Study: Marijuana Use Associated With Lower Diabetes Risk

CANADA: The past use of cannabis is significantly associated with lower odds of diabetes in adults, according to data published in the journal Drug and Alcohol Review.

Investigators with the University of Toronto assessed the association between cannabis use and diabetes in a nationally representative sample, while accounting for a range of potential confounders – including lifestyle behaviors, socio-demographics, and mental health disorders.

Compared to non-users, subjects with a history of cannabis use possessed an approximately 20 percent decreased likelihood of diabetes. Those subjects with past-year marijuana use possessed an approximately 50 percent decreased risk.

“In sum, a decreased likelihood of diabetes for both lifetime and 12-month cannabis users versus non-users was found after accounting for a range of potential confounders, including mental health disorders,” authors concluded.

Although authors cautioned that “additional epidemiological studies … are needed before protective effects of cannabis can be suggested,” the study is one of several population studies identifying a positive association between lifetime cannabis consumption and a reduced risk for diabetes.


For more information, contact Paul Armentano, NORML Deputy Director, at: paul@norml.org. Full text of the study, “The relationship between cannabis use and diabetes: Results from the National Epidemiologic Survey on Alcohol and Related Conditions III,” appears in Drug and Alcohol Review. Additional information on the association between cannabis and diabetes is available online from NORML.

 

Clinical Trial: THCV Lowers Blood Sugar Levels In Type 2 Diabetics

UNITED KINGDOM: The administration of THCV (tetrahydrocannabivarin), a non-psychoactive component of cannabis, is positively associated with glycemic control in type 2 diabetics, according to the randomized, placebo-controlled data published in the journal Diabetes Care.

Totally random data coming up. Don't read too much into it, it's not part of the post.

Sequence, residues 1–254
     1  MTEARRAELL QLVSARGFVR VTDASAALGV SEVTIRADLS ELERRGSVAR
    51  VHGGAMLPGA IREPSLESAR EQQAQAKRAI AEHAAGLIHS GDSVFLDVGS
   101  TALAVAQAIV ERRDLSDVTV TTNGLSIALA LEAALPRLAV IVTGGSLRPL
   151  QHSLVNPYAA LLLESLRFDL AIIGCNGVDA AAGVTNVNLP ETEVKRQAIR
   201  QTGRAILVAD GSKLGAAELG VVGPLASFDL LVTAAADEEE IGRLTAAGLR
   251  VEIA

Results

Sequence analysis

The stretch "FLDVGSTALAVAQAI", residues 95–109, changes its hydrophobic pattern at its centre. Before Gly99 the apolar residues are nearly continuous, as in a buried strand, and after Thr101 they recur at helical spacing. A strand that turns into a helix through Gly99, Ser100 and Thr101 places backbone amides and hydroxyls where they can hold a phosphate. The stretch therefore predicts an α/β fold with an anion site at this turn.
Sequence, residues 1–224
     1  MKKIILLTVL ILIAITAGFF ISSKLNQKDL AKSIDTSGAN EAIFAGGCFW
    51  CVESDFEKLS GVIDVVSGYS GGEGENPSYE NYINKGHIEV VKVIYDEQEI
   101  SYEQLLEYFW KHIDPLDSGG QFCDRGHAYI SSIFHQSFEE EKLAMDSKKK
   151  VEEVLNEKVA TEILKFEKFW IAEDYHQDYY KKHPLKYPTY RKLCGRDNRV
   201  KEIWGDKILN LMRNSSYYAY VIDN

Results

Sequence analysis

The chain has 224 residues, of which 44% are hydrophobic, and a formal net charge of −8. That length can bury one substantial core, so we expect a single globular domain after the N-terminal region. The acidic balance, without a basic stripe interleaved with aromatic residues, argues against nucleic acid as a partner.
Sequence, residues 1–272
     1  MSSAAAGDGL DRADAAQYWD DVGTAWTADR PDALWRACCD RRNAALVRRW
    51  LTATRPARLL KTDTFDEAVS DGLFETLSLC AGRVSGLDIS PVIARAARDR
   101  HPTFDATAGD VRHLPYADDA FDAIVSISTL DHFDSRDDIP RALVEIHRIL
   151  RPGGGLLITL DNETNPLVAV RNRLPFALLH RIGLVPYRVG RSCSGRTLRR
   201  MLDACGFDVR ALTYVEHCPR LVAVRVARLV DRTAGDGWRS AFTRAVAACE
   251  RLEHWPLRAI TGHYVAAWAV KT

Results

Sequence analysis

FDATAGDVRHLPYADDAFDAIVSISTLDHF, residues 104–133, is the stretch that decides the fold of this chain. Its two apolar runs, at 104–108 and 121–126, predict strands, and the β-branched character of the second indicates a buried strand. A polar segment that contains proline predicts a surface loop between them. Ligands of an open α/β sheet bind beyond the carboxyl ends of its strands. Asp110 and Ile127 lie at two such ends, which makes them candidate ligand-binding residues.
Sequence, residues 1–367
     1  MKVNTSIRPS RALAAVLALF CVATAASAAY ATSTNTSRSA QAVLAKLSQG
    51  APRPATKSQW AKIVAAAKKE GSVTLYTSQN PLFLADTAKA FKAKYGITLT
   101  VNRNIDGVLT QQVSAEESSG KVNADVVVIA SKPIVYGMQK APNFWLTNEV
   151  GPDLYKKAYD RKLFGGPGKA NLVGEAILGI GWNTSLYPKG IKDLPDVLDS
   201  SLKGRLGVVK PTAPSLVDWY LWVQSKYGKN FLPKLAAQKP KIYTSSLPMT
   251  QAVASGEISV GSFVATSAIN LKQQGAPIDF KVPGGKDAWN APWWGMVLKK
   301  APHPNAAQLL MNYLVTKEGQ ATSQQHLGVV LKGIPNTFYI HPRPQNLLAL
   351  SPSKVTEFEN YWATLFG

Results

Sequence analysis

Investigators from the University of Nottingham, School of Medicine assessed the twice daily administration of various cannabinoids (CBD or THCV or CBD and THCV in combination) versus placebo over a period of 13 weeks in 62 non-insulin dependent subjects with type 2 diabetes.

Authors reported that the administration of THCV alone “significantly decreased fasting plasma glucose” levels and improved pancreatic cell function. By contrast, other treatment therapies failed to show detectable metabolic effects.

Investigators concluded, “THCV could represent a new therapeutic agent in glycemic control in subjects with type 2 diabetes.”

Population-based observational studies have previously reported that cannabis consumers typically possess lower BMI and other favorable indices related to diabetic control compared to those without a history of marijuana use.

Study From Arctic Canada Finds Cannabis Users Less Obese And Less At Risk For Diabetes

CANADA:  Forget the Funyuns and drop the Doritos. New research out of Arctic Canada suggests that marijuana users, for some yet-to-be-understood reason, are slimmer and less at risk for diabetes than non-users.

A study by Quebec researchers found that among Inuit residents of Nunavik, the province’s northernmost region, use of cannabis was correlated with lower body-mass-index measurements, lower body-fat percentages and less insulin resistance.

Body-mass index, or BMI, and body-fat percentages are used to determine obesity or overweight conditions; insulin resistance, a condition in which the body fails to respond properly to the hormone insulin, is a precursor of Type 2 diabetes and is associated with other poor health conditions.

The study was published in the journal Obesity; results were presented last month at a circumpolar health conference in Finland. The study analyzed health data for 786 adults collected in the Nunavik Inuit Health Survey of 2004, making it one of the rare examinations of the subject in a North American aboriginal population. It included statistical controls for age, gender and other factors. In all, 57.4 percent of the survey subjects identified themselves as cannabis users. Those saying they use cannabis had an average BMI of 26.8, compared to an index of 28.6 for non-users; cannabis users had an average 25 percent body-fat reading, compared to an average 28 percent for non-users, according to the study.